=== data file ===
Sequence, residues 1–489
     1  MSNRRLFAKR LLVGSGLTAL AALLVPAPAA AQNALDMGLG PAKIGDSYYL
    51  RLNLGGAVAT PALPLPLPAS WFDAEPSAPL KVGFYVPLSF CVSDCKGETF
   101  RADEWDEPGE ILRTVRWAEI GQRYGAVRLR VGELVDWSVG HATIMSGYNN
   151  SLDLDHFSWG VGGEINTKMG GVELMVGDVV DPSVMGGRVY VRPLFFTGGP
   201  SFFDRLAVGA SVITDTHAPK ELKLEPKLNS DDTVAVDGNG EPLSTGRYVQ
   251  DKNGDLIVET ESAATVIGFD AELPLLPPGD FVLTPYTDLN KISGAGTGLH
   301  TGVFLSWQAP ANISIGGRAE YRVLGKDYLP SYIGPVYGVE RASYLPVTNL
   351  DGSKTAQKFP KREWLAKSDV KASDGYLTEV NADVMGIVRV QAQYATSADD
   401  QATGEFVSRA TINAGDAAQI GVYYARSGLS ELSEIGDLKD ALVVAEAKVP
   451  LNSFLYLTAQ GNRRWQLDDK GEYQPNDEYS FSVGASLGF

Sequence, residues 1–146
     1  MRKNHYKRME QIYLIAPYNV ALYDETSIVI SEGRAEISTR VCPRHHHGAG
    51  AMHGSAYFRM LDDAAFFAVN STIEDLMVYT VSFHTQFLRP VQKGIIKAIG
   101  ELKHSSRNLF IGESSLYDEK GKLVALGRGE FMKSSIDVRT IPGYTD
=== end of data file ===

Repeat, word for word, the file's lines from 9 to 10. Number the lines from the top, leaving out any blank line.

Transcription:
   351  DGSKTAQKFP KREWLAKSDV KASDGYLTEV NADVMGIVRV QAQYATSADD
   401  QATGEFVSRA TINAGDAAQI GVYYARSGLS ELSEIGDLKD ALVVAEAKVP